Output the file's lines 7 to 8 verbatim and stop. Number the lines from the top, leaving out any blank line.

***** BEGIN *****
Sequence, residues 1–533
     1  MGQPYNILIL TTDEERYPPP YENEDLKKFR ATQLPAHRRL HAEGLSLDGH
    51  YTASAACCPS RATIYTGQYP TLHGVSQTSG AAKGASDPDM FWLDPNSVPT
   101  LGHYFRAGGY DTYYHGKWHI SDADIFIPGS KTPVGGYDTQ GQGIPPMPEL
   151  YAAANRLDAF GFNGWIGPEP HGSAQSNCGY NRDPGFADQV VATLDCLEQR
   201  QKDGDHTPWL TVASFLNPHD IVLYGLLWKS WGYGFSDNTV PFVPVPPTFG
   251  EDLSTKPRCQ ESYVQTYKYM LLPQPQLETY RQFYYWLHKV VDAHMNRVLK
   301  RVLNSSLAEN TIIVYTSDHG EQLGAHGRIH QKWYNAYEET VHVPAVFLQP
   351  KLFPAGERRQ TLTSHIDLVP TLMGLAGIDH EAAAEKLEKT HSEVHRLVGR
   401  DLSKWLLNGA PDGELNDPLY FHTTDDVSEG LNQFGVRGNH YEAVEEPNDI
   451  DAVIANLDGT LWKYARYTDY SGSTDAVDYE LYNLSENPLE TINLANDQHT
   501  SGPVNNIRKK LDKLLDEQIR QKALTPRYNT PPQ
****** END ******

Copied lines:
   251  EDLSTKPRCQ ESYVQTYKYM LLPQPQLETY RQFYYWLHKV VDAHMNRVLK
   301  RVLNSSLAEN TIIVYTSDHG EQLGAHGRIH QKWYNAYEET VHVPAVFLQP